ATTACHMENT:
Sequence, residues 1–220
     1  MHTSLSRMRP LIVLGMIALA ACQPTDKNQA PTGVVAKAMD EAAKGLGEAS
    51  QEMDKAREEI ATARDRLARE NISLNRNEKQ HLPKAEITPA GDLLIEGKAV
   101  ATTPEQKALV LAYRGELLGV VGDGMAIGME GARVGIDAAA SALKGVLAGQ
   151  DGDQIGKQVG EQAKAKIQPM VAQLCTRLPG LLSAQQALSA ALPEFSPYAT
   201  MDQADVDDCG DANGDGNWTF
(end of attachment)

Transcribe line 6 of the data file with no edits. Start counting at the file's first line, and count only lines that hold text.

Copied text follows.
   201  MDQADVDDCG DANGDGNWTF